'Red Letter Christians' Redefine Christianity
Tony Campolo, Shane Claiborne, and other "Red Letter Christians" recently held a two-day event called a Red Letter Revival. Unlike the Church's great revivals of the past that called sinners to repentance and faith in Jesus, the Red Letter Revival's objective was to protest toxic evangelicalism. To put a finer point on it, the Red Letter Christians believe that if you're a conservative Christian, you're toxic.
Religion News Service reports that during the event's version of an altar call, Campolo asked, "Are you ready to say ‘I’m going to commit myself to Jesus? I’m going to be committed to the poor? I’m going to stand up for the refugee? I’m going to speak for those who feel oppressed by our society?'"
Referring to themselves as evangelicals on the margin, Red Letter Christians treat the Bible as if it's a buffet—they take what they like and ignore whatever they don't like. In doing so, they've constructed a new, false religion and yet still retain the word "Christian" in the title. Sadly, Red Letter Christians are leading people to hell by ignoring humanity's main problem. They defend themselves by claiming that they focus on the words of Jesus—words that are often printed in red in many Bible translations. Except, to prioritize the words printed in red ignores the revelation found in John 1:1 that Jesus is the Word. The entire Bible reveals God and His plan to redeem sinners back to Himself.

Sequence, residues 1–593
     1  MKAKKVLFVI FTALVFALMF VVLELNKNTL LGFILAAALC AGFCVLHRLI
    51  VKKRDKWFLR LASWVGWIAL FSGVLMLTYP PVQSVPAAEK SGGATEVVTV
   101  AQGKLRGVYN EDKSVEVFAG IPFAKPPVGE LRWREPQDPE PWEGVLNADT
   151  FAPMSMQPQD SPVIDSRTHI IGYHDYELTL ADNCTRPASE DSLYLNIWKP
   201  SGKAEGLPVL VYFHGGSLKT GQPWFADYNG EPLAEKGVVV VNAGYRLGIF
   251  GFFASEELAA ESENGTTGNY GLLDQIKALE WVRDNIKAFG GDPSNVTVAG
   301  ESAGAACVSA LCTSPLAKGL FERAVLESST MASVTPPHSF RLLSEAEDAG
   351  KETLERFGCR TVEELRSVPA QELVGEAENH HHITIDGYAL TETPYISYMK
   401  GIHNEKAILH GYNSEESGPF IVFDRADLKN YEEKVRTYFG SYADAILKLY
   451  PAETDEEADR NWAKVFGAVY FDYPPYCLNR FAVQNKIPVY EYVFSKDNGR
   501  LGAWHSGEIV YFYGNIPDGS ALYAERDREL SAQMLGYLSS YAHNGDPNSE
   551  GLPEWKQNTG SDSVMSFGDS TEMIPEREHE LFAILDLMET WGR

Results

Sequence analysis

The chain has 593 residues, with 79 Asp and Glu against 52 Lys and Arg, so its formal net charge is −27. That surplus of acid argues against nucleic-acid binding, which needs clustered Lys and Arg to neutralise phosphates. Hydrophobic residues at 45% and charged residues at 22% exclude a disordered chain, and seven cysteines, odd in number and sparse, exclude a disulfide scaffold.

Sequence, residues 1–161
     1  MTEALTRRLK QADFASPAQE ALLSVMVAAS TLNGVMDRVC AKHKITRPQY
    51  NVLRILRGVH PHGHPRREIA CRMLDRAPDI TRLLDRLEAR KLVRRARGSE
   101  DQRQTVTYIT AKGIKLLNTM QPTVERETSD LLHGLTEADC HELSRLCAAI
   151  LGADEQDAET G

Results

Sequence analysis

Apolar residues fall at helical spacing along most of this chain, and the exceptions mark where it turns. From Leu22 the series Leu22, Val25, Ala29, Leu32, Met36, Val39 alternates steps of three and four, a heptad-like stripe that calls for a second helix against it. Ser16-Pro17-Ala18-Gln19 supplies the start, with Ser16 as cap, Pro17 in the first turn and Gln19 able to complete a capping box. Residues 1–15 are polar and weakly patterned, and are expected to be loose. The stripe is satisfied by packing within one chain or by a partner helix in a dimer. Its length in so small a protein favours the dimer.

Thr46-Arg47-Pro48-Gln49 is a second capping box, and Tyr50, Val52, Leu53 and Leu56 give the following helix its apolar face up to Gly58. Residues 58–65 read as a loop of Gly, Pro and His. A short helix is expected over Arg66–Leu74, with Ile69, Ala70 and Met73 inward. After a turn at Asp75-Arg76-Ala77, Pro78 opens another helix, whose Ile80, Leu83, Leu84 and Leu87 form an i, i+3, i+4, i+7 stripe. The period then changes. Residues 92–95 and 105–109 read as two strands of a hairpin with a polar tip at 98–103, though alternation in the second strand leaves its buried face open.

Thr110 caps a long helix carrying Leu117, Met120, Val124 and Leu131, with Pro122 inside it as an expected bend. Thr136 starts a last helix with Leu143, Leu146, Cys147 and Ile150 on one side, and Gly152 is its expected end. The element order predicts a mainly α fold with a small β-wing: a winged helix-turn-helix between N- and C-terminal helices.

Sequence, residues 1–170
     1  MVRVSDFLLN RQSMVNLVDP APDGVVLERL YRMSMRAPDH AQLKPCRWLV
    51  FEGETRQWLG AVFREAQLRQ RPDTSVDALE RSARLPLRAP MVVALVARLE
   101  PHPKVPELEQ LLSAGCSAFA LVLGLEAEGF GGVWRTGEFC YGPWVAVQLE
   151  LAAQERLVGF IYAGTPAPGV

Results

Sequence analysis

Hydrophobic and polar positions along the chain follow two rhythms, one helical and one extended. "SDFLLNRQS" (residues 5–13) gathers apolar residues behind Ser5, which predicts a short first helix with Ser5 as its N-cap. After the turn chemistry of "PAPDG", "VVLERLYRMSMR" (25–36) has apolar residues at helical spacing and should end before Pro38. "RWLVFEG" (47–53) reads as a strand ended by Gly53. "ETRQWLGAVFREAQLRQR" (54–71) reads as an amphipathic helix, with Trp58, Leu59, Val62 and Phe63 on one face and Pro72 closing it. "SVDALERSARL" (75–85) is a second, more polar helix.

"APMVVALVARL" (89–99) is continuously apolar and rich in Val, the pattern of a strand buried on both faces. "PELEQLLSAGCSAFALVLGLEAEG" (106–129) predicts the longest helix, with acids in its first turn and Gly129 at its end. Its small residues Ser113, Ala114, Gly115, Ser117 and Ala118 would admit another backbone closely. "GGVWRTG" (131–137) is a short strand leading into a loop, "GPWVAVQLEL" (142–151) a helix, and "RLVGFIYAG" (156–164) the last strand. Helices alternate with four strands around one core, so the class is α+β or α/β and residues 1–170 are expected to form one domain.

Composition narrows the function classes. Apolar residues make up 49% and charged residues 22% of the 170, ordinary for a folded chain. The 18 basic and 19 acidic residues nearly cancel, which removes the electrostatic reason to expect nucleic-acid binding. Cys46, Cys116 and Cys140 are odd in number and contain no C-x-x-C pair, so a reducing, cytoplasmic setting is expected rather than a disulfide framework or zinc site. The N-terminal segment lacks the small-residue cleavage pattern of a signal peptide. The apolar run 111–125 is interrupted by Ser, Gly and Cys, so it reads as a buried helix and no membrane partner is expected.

The Bible teaches that humans are personally separated from God because of their individual sin against God. Red Letter Christians embrace identity politics and believe that humanity's greatest problem is estrangement from each other. This is why they focus on social justice issues at the expense of the gospel of Jesus Christ.
The Red Letter Revival was nothing more than a platform for progressive causes. RNS explains that "sermons and slam poems at the revival included lengthy discussions of political topics, such as sexuality, white supremacy, and mass incarceration. There were also multiple condemnations of Christian nationalism, which the Rev. Brenda Brown-Grooms, a pastor from Charlottesville, Va., declared 'apostasy.'"
The event also included diatribes against the Second Amendment. More concerned with identity politics than truth, "the speaker and workshop lineup itself functioned as a de facto critique of white evangelical Protestantism, featuring voices often underrepresented in evangelical circles—women, Native Americans, African-Americans, Hispanic-Americans, and LGBT people."
Because Red Letter Christians refuse to acknowledge humanity's greatest problem, the Red Letter Revival failed to hold out the hope of the good news of Jesus Christ. Failing to call sinners to repentance and faith in Jesus make the claim to be a "revival" laughably dangerous.
I guess it's too much to ask progressives to be honest about who they are. Appropriating the name of Christianity in order to attack conservatives and promote social justices causes is patently dishonest and is leading people to hell.